Federal judge dismisses SD early voting lawsuit




AUGUST 6, 2013


PIERRE, S.D. (AP) — A federal judge on Tuesday dismissed a lawsuit that sought to ensure that residents of part of the Pine Ridge Indian Reservation have the same access to early voting as people in other South Dakota counties.

U.S. District Judge Karen Schreier dismissed the lawsuit after finding that state and local officials have agreed to provide an in-person absentee voting station in Shannon County for the 2014, 2016 and 2018 election cycles.

The judge said she couldn’t proceed to consider the case because no one knows whether election laws or other conditions will change after the 2018 election.

Shannon County, which is part of the Pine Ridge Indian Reservation, has no courthouse, and it contracts with nearby Fall River County for some services, including elections. Twenty-five residents of Shannon County filed a lawsuit in early 2012 seeking to get the same 46 days of early voting as residents of other counties. Without a voting station in Shannon County, county residents would have had to travel nearly an hour or more to cast in-person absentee ballots at the Fall River County courthouse.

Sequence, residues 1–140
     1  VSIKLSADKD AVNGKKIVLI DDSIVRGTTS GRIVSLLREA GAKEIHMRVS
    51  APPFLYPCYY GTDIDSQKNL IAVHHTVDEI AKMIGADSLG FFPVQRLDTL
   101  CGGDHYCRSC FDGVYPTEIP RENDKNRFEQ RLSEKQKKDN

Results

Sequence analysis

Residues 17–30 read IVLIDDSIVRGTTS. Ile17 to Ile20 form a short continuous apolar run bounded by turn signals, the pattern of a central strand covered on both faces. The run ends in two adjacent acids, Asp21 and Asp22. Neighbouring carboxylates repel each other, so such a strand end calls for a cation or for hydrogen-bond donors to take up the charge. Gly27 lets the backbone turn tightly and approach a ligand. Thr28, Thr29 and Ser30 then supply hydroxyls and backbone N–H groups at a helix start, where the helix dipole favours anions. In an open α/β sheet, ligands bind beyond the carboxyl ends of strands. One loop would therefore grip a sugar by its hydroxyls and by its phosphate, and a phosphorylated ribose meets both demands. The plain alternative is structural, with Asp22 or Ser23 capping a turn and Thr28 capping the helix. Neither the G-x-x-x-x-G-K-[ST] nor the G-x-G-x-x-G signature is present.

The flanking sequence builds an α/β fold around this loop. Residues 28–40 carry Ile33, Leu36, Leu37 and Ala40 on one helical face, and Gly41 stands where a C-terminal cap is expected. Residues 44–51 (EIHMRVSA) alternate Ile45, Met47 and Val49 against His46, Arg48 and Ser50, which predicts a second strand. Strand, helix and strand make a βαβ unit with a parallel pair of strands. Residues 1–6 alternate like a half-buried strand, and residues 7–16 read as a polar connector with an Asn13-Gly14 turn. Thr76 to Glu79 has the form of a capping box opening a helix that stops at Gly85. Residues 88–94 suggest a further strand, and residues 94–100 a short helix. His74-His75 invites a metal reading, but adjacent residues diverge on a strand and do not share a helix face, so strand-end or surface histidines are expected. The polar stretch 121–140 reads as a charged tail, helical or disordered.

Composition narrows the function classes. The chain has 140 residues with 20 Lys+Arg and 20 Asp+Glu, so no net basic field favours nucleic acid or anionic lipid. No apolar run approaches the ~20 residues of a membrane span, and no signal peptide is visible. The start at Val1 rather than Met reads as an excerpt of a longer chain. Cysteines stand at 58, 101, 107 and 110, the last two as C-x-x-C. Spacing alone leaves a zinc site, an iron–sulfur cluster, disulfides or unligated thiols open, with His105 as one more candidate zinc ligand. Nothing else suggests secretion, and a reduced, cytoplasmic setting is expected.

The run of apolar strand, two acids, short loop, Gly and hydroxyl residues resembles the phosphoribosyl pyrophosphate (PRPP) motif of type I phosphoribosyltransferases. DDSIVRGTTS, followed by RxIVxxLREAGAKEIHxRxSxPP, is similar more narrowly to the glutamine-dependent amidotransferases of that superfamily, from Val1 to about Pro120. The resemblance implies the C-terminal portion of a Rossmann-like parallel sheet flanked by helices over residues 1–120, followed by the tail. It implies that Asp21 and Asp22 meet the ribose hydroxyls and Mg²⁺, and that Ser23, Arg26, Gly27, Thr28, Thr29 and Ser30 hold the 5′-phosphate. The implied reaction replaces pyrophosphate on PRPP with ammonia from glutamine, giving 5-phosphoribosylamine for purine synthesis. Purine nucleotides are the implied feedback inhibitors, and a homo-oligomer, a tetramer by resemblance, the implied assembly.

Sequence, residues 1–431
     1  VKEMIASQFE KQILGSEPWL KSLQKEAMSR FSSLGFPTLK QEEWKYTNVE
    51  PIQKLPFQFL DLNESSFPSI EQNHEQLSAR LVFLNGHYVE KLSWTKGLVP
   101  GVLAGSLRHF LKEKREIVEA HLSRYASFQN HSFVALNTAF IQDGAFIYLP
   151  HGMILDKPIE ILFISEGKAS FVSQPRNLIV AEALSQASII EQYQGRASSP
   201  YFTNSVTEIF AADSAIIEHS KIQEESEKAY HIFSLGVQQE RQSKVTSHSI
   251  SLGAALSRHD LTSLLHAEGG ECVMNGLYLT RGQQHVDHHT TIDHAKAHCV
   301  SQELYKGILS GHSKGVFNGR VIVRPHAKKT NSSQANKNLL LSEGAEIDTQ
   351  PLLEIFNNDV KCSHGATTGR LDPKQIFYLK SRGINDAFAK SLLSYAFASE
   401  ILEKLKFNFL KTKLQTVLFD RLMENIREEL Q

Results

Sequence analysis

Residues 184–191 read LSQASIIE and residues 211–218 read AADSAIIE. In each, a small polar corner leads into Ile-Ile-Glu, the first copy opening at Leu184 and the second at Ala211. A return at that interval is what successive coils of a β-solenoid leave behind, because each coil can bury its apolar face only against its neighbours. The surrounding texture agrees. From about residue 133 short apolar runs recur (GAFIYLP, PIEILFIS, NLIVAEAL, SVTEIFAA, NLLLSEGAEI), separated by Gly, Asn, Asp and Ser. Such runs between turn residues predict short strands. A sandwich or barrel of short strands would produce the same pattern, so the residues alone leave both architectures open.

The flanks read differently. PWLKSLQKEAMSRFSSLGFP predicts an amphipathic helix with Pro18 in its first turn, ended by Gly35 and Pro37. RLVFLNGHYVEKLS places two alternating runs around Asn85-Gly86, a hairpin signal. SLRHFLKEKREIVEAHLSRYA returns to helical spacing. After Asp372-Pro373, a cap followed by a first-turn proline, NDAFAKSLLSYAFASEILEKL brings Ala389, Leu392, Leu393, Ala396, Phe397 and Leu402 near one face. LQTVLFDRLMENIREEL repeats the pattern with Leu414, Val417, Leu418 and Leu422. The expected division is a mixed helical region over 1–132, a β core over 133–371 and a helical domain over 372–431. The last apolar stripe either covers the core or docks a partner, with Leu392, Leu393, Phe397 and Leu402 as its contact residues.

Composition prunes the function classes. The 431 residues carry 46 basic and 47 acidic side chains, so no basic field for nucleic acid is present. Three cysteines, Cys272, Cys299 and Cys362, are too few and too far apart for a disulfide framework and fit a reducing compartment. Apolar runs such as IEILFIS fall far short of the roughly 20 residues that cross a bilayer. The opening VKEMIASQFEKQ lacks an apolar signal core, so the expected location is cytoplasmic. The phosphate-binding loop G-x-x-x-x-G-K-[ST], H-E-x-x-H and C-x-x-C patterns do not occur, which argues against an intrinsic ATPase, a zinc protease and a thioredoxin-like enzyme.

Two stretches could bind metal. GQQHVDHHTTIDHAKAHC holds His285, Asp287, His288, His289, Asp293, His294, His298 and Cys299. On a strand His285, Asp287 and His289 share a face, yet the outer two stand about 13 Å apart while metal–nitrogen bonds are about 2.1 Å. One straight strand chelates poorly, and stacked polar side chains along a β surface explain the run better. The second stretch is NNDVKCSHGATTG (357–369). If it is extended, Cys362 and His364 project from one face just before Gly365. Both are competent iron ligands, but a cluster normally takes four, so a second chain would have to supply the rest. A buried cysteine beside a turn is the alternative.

After the lawsuit was filed, state and local officials set up an in-person absentee voting station in Pine Ridge village for last year’s primary and general election. Those officials later pledged to use federal voting assistance funds to operate an early voting station in Pine Ridge through the 2018 election.

Those who filed the lawsuit criticized the judge’s dismissal of their case, saying there is no guarantee that early voting will be offered in Pine Ridge after 2018. They sought a court order permanently ordering the state to provide early voting in Shannon County.

But Schreier noted that no one knows whether election laws will change by 2020, whether federal funding will continue to be available for the early voting station, or whether Shannon County will continue contracting with Fall River County for election services. In addition, there is no substantial proof of impending harm to Shannon County voters, she said.

“For the court to adjudicate this claim now would amount to an advisory opinion based on assumptions and speculation,” Schreier wrote.

Attorneys for the state and the Shannon County residents did not immediately return phone calls seeking comment.